When you shop online, do you look only at the sticker price? Maybe you should also be concerned about how the retailer handles shipping costs.
More online consumers abandon shopping carts due to unexpected costs than for any other reason – those costs are usually shipping and handling. This is one of the main reasons why the average conversion rate for eCommerce websites is around four percent, according to Marketing Sherpa. The good news for us consumers is that even if a store thinks it has reduced its shipping costs as low as they can go and still make a profit, there are several effective strategies that they may not have tried.
When it comes to finding affordable shipping and handling rates, timing is everything. If they pay close attention to the standard shipping schedule of the carriers they choose, especially when it comes to weekend deliveries, they could find a bargain. So if you want to save money, don’t worry about how fast a company ships; be more concerned with what they charge for delivery.
Even though it may seem to be more convenient to have shipments delivered on Saturday and Sunday, all carriers that offer this service charge expensive fees to go right along with it. Keep in mind that you will always save more money with 3-day shipping than next-day shipping, according to the Wall Street Journal. If you as a consumer have the option, use an online shipping calculator, which can easily be found either on the retailer’s or the shipping carrier’s website, to calculate and compare delivery fees accordingly.
Just as you can shop around for the best price on sandals, perfume, gadgets or whatever, so can the retailer shop around for the best shipping rates. You will get a better deal from a retailer who shops around for a lower price.
Postage rates and shipping expenses change rather frequently among carriers, because they are continuously striving to gain an edge on their competition. As a general rule of thumb, on products that weigh less than 5 pounds you can get the best deal with USPS (assuming, of course, that this is a shipment within the USA), according to Entrepreneur.com. However, for much heavier products, you will more than likely be able to get a better deal and faster delivery time by using UPS or FedEx.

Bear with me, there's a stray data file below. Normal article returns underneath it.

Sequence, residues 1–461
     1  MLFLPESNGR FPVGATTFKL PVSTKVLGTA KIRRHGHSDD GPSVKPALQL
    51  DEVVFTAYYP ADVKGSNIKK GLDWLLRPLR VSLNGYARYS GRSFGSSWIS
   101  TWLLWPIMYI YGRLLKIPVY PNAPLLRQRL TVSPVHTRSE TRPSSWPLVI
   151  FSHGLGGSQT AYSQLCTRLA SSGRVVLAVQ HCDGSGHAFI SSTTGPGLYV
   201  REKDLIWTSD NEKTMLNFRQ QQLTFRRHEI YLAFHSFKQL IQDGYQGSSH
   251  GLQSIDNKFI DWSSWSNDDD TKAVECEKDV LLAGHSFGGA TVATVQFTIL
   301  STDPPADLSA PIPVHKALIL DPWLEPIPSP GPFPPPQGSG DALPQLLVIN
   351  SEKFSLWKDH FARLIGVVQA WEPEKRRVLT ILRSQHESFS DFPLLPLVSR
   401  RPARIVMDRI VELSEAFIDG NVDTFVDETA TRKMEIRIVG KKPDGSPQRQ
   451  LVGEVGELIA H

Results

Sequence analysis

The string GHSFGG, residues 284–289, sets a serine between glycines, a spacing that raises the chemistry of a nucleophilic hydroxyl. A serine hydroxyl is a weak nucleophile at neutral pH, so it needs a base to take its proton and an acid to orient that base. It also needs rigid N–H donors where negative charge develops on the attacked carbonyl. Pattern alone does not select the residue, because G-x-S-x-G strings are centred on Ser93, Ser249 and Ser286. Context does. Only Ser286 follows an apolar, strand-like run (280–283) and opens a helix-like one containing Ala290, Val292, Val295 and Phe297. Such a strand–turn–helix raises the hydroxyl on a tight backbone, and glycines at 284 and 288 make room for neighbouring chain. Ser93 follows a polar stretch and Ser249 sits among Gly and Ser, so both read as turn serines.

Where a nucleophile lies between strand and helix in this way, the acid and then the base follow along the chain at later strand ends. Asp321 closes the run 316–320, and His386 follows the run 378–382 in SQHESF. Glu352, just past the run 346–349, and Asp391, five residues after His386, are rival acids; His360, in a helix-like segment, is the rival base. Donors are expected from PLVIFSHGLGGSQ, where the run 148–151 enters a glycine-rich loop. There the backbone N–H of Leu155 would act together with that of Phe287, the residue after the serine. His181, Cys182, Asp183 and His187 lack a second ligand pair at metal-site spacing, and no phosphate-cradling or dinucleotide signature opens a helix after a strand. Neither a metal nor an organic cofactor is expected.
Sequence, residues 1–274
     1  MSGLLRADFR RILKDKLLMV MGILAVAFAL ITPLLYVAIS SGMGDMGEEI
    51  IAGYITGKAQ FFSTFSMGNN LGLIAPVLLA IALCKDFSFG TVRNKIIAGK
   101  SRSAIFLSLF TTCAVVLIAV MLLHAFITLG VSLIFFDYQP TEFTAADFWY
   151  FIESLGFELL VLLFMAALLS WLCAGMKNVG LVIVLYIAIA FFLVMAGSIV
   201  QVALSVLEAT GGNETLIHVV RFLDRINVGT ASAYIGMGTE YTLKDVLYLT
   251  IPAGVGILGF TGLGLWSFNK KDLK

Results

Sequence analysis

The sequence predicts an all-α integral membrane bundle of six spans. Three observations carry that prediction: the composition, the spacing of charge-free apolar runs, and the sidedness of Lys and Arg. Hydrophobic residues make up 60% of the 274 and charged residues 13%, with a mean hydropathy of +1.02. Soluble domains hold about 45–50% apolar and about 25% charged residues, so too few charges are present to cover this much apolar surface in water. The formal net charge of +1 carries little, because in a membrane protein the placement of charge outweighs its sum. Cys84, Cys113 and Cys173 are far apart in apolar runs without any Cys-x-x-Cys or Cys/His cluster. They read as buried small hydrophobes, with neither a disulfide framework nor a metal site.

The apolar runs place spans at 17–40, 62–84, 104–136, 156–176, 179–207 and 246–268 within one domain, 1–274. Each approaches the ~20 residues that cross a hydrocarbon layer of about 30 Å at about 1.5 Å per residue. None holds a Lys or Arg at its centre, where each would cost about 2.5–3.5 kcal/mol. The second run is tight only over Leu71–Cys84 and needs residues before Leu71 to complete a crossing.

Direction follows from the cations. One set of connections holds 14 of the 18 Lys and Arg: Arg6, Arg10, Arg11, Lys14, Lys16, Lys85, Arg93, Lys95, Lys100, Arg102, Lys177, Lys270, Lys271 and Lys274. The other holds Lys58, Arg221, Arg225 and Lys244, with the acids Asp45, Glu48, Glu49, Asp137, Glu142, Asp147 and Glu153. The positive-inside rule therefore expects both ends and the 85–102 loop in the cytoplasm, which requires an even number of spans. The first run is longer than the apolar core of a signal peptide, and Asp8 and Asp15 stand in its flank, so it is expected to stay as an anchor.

Even though you may want to shop on a global scale, it is important for you to remain mindful of international shipping rates and the increased cost of shipping across international boundaries and particularly overseas. Keep in mind that, unlike with standard domestic shipments, there are several other fees and charges that need to be factored into the equation when calculating international shipping costs. You might save a lot more by buying locally, within your own country.
So location is one of the first things to check when visiting an online retailer, especially when shopping for a product that is likely available form many websites. You can save money by avoiding
Getting the order right the first time
Although it might not seem to have very much to do with a store’s upfront shipping and handling charges, making sure that orders are fulfilled and shipped accurately the first time around is essential. And it does play a role in the overall cost of shipping. Why? If a company has a lot of returns and reshipments, they will have to recoup that cost somewhere. And somewhere is always you.
One study shows that close to 30 percent of consumers who receive an incorrect order from an eCommerce business never buy from that company again, according to Entrepreneur.com. You might be one of those 30 percent, and the odds are that the choice is a wise one from both a pocketbook and a stress-reduction perspective.
Check the company out online, and search specifically for reviews that talk about fulfillment – whether the right product arrived, whether it was damaged and whether it needed to be returned or exchanged.
The Bottom Line
If you are able to save money on shipping expenses, or if your retailer is able to do so, you can increase save some serious money. It does pay to shop around and to look at more than just the sticker price of an item.